After my experience in the jungle in Colombia that highlighted how seriously unfit I am, as well as being more of a princess that I thought, I was a little wary of facing another trek even if it was just for two days. But let me tell you, the Sapa Valley Homestay trek is one of the most beautiful excursions I’ve ever done. An eight hour, overnight train ride from Hanoi (God bless Valium), you’re suddenly catapulted into a lush, green oasis, with immense valleys of rice fields.
We opted for the 2 day, 3 night Sapa Valley Homestay trek with Vega Travel (2 on the train and one homestay) and I highly recommend them. The tour has a wonderful pace – not too fast, not too slow and the path itself isn’t too tough, except from the fact that it had rained the night before which meant plenty of sliding around in the mud.
Our guides were women from the Hmong tribe: only around A metre and a half and dressed in their colourful hand woven garments, they must be some of the sweetest people I’ve ever met. I was amazed to see our guide who looked about 15 already had a baby strapped to her back, as did many of the other women. Life starts early for them; it’s normal to be married by the age of 17 and have 2 kids by the age of 24. I loved how affectionate they are with one another, all taking care of each other’s babies, taking turns to carry them on their backs if one was tired. They have very little but seem happy, I think we could all learn a lot from these women.
A group of the women accompanied us for most of day 1, often holding our hands to make sure we didn’t slip onto our backside in the mud (which a few did anyway) and always waited for everyone, explaining things about their culture and the plants as we went which was great. They are so acclimatised to living up in the mountains and would leap past us like mountain goats, never missing a step or slipping. We learned that there are a few schools, but mostly just primary schools, as they start working to help their families as soon as they can. They don’t really use medicines like we do and instead see the Shaman if they are sick, which is more like a spirit doctor, who prescribes them rituals (such as rest or even sacrificing a chicken) and plant concoctions to cure them which probably sometimes work better than modern medicine as they come directly from mother earth. Only if they are truly sick do they go to a hospital which is quite far from their village, but this doesn’t happen often as they are very familiar with the plants and herbs that can help them. My guide told me that if she has stomach issues (diarrhoea), her mum makes her drink a disgusting plant mix that makes her better! So different from all the paracetamols and meds we take!
We walked through the Sapa Valley, where we saw some of the most breathtaking views I’ve ever seen in my life – just so much beauty, the lush green land, the rice fields, so peaceful, the air so fresh and the sun kissing our backs and shoulders.. I loved every moment. I loved seeing the farmers and their water buffalos, the kids playing in the crops and the mud, so carefree and unfussed about getting dirty.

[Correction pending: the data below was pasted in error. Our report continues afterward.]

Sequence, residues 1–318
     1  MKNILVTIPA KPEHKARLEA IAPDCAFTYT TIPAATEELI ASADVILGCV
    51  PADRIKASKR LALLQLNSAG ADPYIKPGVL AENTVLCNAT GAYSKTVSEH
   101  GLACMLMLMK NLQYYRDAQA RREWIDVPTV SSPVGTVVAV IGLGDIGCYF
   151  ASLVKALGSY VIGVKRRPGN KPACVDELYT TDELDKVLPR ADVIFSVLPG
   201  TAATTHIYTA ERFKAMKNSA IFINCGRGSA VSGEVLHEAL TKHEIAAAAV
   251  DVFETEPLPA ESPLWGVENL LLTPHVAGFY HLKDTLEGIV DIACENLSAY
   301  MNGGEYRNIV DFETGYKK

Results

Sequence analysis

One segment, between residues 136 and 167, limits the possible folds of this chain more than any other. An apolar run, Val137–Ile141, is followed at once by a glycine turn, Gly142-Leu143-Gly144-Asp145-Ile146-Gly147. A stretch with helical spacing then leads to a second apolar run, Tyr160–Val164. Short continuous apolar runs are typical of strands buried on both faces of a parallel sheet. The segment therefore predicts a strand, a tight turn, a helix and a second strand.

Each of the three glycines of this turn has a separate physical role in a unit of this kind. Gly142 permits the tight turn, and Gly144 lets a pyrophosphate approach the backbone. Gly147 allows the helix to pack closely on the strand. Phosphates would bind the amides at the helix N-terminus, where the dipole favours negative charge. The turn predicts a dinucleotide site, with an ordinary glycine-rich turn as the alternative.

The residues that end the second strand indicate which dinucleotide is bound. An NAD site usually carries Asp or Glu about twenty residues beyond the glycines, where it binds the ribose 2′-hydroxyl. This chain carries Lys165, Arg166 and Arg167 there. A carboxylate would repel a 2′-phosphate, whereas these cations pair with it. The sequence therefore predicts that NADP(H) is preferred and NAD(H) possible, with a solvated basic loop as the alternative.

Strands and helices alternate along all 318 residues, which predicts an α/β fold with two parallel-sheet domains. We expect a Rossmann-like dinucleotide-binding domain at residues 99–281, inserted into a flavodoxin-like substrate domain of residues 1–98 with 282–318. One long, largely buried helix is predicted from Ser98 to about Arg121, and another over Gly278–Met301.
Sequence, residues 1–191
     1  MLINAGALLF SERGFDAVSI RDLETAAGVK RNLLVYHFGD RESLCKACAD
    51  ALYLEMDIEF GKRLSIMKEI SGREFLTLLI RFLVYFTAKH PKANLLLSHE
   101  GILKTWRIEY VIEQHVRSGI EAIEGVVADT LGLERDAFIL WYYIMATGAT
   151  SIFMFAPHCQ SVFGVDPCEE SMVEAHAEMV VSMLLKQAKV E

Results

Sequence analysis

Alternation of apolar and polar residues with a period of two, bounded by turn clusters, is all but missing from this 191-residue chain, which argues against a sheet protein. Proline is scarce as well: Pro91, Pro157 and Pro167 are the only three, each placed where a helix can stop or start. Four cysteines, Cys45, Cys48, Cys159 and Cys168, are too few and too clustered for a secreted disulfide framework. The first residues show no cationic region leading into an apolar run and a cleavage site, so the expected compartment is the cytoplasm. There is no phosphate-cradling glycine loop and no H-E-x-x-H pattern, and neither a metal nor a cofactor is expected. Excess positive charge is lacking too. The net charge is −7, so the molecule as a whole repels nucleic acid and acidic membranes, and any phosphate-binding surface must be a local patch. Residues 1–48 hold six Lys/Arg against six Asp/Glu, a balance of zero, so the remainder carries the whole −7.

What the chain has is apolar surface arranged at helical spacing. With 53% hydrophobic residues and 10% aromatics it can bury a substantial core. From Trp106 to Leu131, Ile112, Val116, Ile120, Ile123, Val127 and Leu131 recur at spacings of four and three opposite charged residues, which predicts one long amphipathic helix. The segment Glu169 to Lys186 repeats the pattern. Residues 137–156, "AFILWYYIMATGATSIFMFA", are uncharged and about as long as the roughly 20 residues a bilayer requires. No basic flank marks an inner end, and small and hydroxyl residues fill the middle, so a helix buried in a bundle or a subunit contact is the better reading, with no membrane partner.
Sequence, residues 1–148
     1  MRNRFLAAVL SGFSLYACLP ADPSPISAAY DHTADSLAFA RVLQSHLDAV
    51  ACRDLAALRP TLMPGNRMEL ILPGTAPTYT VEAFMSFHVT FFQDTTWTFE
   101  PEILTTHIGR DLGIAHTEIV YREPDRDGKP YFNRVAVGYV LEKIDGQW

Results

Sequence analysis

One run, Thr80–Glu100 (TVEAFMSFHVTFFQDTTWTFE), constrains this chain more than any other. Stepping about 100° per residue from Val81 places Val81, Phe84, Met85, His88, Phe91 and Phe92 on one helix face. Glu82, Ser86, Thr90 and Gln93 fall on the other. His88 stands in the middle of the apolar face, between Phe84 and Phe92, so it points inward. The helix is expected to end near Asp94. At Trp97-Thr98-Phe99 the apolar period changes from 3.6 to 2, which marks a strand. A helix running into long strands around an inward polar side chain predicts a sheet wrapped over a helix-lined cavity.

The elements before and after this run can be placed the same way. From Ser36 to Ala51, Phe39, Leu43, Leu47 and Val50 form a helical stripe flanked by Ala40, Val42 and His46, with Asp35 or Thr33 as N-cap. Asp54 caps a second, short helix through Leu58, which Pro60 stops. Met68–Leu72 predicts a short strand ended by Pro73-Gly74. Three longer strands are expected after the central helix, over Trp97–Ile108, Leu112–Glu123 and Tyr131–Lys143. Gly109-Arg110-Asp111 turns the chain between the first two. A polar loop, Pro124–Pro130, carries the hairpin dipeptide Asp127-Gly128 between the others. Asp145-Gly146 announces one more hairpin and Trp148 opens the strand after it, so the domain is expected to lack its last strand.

The Sapa Valley Homestay
We spent the night with a family who owned a big house right among the rice fields. We had a stunning view of the valley, made even more incredible by the sunset reflecting in the water on the crops. Staying in the midst of it all felt surreal, I felt so lucky. My love of travel was just further reinforced, these sorts of views and moments are what given me energy and motivation to sit at a desk all day if it means that I can feel this, even just a few times a year.
The family themselves were lovely and even without speaking any English made us feel very welcome, constantly refilling our glasses with corn wine and serving us one hell of a feast for dinner. I’m happy we opted for the Sapa Valley Homestay rather than a hotel. They even taught us to make spring rolls and put the 12 of us to work! We had a lovely evening chatting with our fellow travellers, eating and drinking. All of us blacked out pretty early between the physical exhaustion, the sun we’d copped during the day and the alcohol and had an great nights’ sleep which worked out well given the rock hard beds!
The second day was more of a stroll than a hike, but no less packed with magical views as we wandered through a different part of the valley. Each moment felt like the perfect shot, so its no surprise I took hundreds of photos, which will make the job of selecting the top ones for this post pretty tough!
We finished up with a delicious lunch with gigantic portions of stir-fry, in a little local restaurant where dozens of women from the various tribes came to see if we wanted to buy any last-minute souvenirs. Then it was time to head back to the city where we found an extremely local spot to have dinner, those ones with the mini plastic stools and low tables, where you can’t understand anything on the menu. We tried to use Google Translate for a few things but when it translated one dish to ‘mud’ we thought it was best to just stick to our beloved (and safe) pho as we still had an 8 hour train journey back to Hanoi ahead of us 🙂
What to bring on your trek?
- Comfy shoes with a sole that grips
- Light waterproof jacket
- Hoodie/jumper for the evening once the sun goes down
- Small backpack